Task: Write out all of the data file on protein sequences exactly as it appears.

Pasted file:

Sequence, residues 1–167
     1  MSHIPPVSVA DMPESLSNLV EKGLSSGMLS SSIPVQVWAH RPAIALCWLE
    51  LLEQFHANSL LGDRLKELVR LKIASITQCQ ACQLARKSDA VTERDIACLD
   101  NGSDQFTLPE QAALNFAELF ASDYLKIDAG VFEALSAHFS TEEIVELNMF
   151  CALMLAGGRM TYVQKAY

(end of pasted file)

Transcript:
Sequence, residues 1–167
     1  MSHIPPVSVA DMPESLSNLV EKGLSSGMLS SSIPVQVWAH RPAIALCWLE
    51  LLEQFHANSL LGDRLKELVR LKIASITQCQ ACQLARKSDA VTERDIACLD
   101  NGSDQFTLPE QAALNFAELF ASDYLKIDAG VFEALSAHFS TEEIVELNMF
   151  CALMLAGGRM TYVQKAY